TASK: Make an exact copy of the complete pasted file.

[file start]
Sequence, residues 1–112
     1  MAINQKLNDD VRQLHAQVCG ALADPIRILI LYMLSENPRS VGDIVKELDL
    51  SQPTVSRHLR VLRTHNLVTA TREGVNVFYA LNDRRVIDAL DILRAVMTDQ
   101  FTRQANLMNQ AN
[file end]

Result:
Sequence, residues 1–112
     1  MAINQKLNDD VRQLHAQVCG ALADPIRILI LYMLSENPRS VGDIVKELDL
    51  SQPTVSRHLR VLRTHNLVTA TREGVNVFYA LNDRRVIDAL DILRAVMTDQ
   101  FTRQANLMNQ AN